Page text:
by gcadmin on Friday, October 16th, 2020 No Comments
I started watching ‘The Chosen’, an original on-line mini-series, last week. This tells the story of how the 12 Apostles of Jesus Christ where ‘chosen‘.
This first episode, titled ‘I have called You by Name’, introduces us to Simon, Mathew and James. Nicodemus, a Pharisee and member of the Sanhedrin sees a woman that appears to be possessed. He attempts to heal her but is deeply disturbed by the experience.
I was waiting with anticipation to see Jesus in the story. I was not disappointed.
In the most impactful and poignant part, Jesus calls Mary Magdalene. He calls her by her name and in the process she is healed of her demons.
This scene was deep and moving, and stayed with me for some time.
On reflection, why was this so moving? How does calling someone by name resonate with them and indeed us?
In a computer all your programs and data are simply numbers stored somewhere in the computer. When you want to store a birth date, it is a series of numbers in the computer.
When there is a sequence of instructions to tell the computer to do something, those instructions are also a series of numbers somewhere in the memory. Indeed to make the computer start those instructions you have to tell the computer exactly where to start, one specific spot in the memory of the computer.
As a programmer, to make sense of this enormous collection of numbers that live in the computer – data, lists of things, tasks and routines you actually use names. The name refers to the specific spot in memory – the data or instructions.
As a programmer, giving a name to a routine or piece of data elevates it. That piece of data is important in my program – I want to remember it, recognise it, reuse it.
In a vast number of the most current programming languages, it goes further – if there is data I had used temporarily, if I don’t name it it will be destroyed and discarded by a process called ‘garbage collection’. Let me rephrase that – unless I name the data, the computer will at some stage treat it like garbage and throw it out.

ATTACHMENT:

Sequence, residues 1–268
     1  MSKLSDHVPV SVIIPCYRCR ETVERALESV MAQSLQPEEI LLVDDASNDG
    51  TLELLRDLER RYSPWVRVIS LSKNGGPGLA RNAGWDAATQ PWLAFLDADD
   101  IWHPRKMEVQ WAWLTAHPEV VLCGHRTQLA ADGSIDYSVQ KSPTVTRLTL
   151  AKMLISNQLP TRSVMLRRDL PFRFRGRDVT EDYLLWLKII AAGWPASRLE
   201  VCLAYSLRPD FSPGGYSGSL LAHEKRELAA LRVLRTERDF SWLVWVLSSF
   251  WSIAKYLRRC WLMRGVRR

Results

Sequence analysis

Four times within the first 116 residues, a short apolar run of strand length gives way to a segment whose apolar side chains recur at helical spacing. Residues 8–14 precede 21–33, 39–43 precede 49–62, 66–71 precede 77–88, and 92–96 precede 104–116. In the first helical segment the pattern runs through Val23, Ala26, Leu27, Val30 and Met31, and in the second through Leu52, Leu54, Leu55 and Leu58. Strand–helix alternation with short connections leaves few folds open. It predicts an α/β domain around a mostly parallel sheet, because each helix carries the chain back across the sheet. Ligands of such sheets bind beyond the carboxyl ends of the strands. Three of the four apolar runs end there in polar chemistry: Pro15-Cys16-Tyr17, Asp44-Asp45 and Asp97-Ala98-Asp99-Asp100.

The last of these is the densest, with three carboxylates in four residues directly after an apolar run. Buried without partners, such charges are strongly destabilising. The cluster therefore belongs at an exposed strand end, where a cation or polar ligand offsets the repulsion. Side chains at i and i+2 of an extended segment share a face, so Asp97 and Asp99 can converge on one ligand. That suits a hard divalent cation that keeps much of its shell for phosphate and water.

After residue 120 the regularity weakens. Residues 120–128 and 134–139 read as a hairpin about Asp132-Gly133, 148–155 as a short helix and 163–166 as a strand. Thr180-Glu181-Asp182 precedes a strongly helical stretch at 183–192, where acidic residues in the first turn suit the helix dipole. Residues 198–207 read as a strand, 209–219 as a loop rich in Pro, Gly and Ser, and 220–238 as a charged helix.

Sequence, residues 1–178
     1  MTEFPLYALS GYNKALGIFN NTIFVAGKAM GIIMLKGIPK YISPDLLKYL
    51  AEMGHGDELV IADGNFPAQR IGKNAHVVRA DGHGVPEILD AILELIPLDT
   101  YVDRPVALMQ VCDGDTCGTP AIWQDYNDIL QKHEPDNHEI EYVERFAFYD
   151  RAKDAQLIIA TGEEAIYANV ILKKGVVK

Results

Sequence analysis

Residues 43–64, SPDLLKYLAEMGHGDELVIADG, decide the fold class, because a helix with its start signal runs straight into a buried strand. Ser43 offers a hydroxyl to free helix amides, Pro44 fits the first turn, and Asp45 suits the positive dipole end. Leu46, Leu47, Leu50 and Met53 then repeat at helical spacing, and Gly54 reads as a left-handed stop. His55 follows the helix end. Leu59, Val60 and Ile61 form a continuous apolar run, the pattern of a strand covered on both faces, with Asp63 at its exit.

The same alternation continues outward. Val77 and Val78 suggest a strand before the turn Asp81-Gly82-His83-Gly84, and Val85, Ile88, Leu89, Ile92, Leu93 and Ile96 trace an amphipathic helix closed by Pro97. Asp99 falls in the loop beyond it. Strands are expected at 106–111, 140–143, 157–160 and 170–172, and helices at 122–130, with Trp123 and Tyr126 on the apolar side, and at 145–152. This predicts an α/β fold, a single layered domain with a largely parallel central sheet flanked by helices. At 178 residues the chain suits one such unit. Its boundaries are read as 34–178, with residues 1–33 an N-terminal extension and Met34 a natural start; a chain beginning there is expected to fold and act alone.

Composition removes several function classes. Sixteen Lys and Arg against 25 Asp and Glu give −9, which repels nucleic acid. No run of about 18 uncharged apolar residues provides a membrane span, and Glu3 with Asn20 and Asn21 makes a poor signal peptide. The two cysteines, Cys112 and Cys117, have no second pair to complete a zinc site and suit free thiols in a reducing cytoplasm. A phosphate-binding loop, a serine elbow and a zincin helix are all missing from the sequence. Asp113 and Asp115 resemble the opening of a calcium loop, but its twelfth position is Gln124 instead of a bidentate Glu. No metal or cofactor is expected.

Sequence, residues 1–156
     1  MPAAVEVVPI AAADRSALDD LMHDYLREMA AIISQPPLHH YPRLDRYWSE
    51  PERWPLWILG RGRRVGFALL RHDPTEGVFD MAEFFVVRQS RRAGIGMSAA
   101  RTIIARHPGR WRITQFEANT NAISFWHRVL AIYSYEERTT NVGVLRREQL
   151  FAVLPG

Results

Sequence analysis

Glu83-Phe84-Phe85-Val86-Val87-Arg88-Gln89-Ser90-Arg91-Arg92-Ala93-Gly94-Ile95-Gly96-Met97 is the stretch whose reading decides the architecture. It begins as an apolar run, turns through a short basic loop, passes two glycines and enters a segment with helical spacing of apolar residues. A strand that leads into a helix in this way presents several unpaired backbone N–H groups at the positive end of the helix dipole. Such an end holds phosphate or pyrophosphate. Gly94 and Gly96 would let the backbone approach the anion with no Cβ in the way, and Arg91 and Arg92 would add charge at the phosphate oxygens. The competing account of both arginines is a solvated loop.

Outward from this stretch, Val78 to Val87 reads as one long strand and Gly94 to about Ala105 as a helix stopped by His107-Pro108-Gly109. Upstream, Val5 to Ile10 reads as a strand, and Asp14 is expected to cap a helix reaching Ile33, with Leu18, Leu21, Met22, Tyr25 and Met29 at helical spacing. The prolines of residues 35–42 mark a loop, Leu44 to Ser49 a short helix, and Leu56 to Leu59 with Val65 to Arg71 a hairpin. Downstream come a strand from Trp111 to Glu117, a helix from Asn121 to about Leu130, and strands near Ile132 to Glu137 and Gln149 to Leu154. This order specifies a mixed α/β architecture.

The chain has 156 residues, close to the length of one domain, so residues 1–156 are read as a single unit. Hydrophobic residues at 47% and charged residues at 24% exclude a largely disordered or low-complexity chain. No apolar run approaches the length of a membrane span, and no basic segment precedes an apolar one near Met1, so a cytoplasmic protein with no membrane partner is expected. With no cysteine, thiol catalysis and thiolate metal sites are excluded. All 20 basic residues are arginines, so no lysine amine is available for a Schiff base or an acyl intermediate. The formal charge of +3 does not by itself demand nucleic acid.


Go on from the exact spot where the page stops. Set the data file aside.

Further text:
As a programmer, I name it because it is important. I name it because I want to remember it.
It is important to me, because I named it. It is remembered because I named it.
It is not garbage because I named it – and by naming it I have saved it from destruction.
I know it because I named.
Dr Jordan Peterson describes a critical part of the Judeo-Christian belief in this way:
Each of us has a divine spark. God created us in his image, man and woman, equal in his image.
Each of us has a piece of divinity given to us by God. Each of us has enormous potential.
Examining the Bible from the psychological perspective, Peterson’s states that the stories and wisdom in the Bible has survived for thousands of years. They were originally told by word of mouth before being committed to the written form by many authors. The evidence of the power of the message is present in front of you – the Judeo-Christian influence is visible in the remarkable world and technology we enjoy today.
In the Bible, naming is special. Many people in the Bible begin their sacred quests and are transformed when they are named.
Of course if you are a believer, the message is even more profound. The creator made you, gave you a divine spark, and he has named you.
So God, as our programmer and creator, has named you because you are important.
God named you because he wants to remember you.
You are important to God, because he named you.
You are remembered because God named you.
By naming you, God has saved you from destruction.
As Jesus decrees in the pivotal moment in ‘The Chosen‘:
‘I have redeemed you. I have called you by name. You, are mine.’
Watch the series, it will move you.
How Can I watch the Chosen ?